Weather & Maui Average Rainfall Map

Forget what you know about the weather. In so many ways, Maui is different!

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Summary
Our weather is controlled by the two massive mountains that make up our island. Without our mountains, annual rainfall would be about equal to that of Arizona! But these weather-makers are here to stay, and they create stunning diversity – arid desert that sees as little as 10 inches a year lies within a few short miles of lush rainforest that can see among the highest recorded rainfall on earth!

It’s no wonder the forecasts you see are all wrong!

Annual Rainfall Map
There are inaccurate/overly generalized rainfall maps of Maui out there – many being made for different tourism interests. Below is a Google map with untouched historical data from the University of Hawaii overlaid.

rainfall_map

Reference

Quick Facts:

Central Maui (Kahului, Maalaea)
– Average winter temps low 63 / high 81
– Average summer temps low 72 / high 88
– Flat, windy valley between two massive mountains.
– Mostly desert, dry and sunny virtually all the time.
– Cloud cover often comes in as the day progresses.
– Strong rains come more often in winter from large storms.

Leeward (South Maui & West Maui)
– Temps are a few degrees warmer than the Central Maui averages above.
– Mostly desert, dry and sunny virtually all the time.
– Cloud cover often comes in as the day progresses.
– Strong rains come mostly in winter from large storms which often hit this side much harder.

Windward (both north shores, Road to Hana, Hana)
– Temps are a few degrees cooler than the Central Maui averages above.
– The majority of rain comes late in the day and overnight.
– Higher elevations (between 2,000 and 4,000 ft.) get significantly more rain than coastal areas.
– Much of this area is often shielded significantly from the larger storms.

Upcountry (Kula, Haleakala, etc.)
– Temps decrease as elevation increases
– Temps in winter at the summit can go below freezing
– An inversion layer typically keeps cloud cover below 7,000 ft (Haleakala summit is 10,000 ft.)
– When the inversion layer is not present, and temperatures dip, it can snow at the summit.

Detail

Surprise, the Forecast Was Wrong!
When many visitors look at the Weather Channel or some other trusted weather resource from home, they mistakenly believe it always rains on our windward side – or will postpone a trip to Hana day after day because it looks like it is constantly raining – don’t make that mistake!

The system that works so well on the mainland largely fails when our tradewind weather is applied to it, rendering the mainland-US media’s forecast system virtually useless – in fact, the only folks in Hawaii that pay attention to those forecasts are newcomers and tourists who simply don’t know any better (now you do!)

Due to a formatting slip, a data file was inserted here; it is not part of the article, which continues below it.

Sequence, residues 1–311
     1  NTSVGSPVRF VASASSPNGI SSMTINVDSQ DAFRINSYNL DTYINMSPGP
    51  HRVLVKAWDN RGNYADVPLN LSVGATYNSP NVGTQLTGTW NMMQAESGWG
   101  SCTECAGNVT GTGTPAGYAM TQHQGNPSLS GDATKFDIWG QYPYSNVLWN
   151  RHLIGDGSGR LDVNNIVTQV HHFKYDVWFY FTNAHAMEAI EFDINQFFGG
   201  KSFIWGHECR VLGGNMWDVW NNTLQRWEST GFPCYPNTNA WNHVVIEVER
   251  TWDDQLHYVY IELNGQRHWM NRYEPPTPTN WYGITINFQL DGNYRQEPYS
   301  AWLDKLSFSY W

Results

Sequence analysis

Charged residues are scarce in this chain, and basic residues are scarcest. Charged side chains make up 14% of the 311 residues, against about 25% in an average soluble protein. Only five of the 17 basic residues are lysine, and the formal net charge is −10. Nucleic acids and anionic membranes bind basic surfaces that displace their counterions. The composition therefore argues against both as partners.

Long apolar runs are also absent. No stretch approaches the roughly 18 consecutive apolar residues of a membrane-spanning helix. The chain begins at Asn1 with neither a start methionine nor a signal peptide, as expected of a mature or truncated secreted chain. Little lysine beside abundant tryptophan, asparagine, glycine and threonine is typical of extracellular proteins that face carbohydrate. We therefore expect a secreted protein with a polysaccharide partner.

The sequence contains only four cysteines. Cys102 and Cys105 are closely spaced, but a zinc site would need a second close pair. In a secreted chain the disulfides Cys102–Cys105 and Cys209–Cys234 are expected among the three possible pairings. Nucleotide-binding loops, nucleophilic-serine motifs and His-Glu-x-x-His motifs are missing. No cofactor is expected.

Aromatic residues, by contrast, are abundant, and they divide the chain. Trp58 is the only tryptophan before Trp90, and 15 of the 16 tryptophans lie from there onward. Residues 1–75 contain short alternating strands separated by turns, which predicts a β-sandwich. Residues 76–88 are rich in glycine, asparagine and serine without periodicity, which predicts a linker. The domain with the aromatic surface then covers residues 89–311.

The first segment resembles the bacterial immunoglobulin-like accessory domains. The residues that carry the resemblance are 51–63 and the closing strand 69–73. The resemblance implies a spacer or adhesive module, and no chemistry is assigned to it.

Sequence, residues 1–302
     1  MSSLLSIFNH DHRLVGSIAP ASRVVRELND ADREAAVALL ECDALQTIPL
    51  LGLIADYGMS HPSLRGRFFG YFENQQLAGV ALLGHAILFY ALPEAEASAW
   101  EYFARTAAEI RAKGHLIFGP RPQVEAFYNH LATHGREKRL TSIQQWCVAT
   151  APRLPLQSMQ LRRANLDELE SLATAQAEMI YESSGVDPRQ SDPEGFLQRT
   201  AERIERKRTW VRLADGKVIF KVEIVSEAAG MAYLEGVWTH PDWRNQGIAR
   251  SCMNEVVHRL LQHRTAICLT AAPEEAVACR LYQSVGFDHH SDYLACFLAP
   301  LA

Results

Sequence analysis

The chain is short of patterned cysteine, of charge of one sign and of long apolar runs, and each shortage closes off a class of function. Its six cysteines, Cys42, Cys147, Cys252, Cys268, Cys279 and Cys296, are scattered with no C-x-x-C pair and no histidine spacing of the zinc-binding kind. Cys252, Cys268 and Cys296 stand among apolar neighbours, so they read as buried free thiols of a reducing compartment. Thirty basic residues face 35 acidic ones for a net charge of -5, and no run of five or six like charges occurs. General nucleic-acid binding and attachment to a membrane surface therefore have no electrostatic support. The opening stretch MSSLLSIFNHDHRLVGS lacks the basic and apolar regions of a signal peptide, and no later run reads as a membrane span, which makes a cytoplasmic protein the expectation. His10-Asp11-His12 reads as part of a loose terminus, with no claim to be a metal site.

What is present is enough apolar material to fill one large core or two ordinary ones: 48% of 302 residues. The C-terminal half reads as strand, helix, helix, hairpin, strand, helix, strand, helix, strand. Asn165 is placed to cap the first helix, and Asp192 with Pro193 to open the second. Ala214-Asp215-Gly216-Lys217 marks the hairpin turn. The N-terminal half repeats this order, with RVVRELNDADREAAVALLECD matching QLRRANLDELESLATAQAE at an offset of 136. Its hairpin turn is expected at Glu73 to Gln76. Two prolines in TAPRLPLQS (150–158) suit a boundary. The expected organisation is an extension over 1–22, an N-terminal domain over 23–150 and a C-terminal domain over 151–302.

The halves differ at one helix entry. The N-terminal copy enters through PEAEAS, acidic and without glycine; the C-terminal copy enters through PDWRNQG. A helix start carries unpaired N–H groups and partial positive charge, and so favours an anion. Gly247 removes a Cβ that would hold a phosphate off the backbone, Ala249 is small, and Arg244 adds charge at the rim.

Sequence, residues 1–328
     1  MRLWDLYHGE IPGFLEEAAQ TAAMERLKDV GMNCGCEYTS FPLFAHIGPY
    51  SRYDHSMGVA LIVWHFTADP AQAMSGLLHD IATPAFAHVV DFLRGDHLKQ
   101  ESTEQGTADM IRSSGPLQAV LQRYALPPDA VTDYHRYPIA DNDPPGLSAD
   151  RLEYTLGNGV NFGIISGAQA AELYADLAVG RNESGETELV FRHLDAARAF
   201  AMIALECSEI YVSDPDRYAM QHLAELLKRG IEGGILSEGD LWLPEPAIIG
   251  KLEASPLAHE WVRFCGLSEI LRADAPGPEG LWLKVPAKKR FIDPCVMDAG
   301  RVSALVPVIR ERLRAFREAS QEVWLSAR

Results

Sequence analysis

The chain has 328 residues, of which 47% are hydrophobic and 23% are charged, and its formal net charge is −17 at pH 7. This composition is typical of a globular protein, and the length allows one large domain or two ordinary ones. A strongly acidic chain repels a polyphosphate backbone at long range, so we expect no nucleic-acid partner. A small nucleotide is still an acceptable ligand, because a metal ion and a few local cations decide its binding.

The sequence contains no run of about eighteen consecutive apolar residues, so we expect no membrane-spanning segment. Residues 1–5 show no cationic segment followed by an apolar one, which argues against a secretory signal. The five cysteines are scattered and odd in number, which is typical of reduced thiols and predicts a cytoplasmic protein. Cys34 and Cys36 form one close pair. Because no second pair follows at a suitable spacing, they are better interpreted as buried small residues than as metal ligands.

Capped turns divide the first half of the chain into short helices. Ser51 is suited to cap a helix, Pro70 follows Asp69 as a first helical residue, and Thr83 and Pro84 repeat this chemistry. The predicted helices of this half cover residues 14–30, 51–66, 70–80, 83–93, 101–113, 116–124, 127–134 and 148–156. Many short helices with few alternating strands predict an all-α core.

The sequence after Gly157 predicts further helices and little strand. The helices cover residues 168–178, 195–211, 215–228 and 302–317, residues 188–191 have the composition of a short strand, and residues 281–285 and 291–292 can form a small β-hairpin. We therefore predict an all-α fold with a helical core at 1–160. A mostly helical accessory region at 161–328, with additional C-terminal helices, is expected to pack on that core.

Your best bet is to understand our weather by reading this page, then use the text description of the weather on our sidebar (to the right of every page) which will give you the info you need to understand. Yeah, it take a few more brain cells than the cute sun and cloud graphics – but once you apply your new understanding, you’ll be planning the best activities for your days and even outsmart some long-time Maui residents!

Windward Rain – In Detail
The majority of our weather is highly predictable as it is created by a localized daily cycle of the sun heating ocean, clouds and winds forming as the day progresses, and the winds blowing these clouds into the mountain, where they are forced upward until they hit the inversion layer. The clouds stack up against this wall (usually between 4,000-7,000 ft) as the day progresses which expands the cloud cover more and more toward the lower elevation areas. Most rain for these lower elevations (almost exclusively where people live on the windward side of Maui) conveniently comes in the afternoon and overnight.

Big Storms
Contrary to what you may have been told, most big storms actually thrash the normally dry resort areas, and lightly kiss the normally wet jungle areas. The cause? The same force that keeps the leeward areas dry from the trades: the massive mountains! You see, just like the mainland, most large storm systems come from west to east. These flip our normal daily tradwind pattern as the storm system slams into the west-facing slopes of the mountain.

Geek Out Some More on Hawaii’s Weather
The Western Regional Climate Center has a very detailed and accurate description of our climate here.


Map Reference: Giambelluca, T.W., Q. Chen, A.G. Frazier, J.P. Price, Y.-L. Chen, P.-S. Chu, J.K. Eischeid, and D.M. Delparte, 2013: Online Rainfall Atlas of Hawai‘i. Bull. Amer. Meteor. Soc. 94, 313-316, doi: 10.1175/BAMS-D-11-00228.1.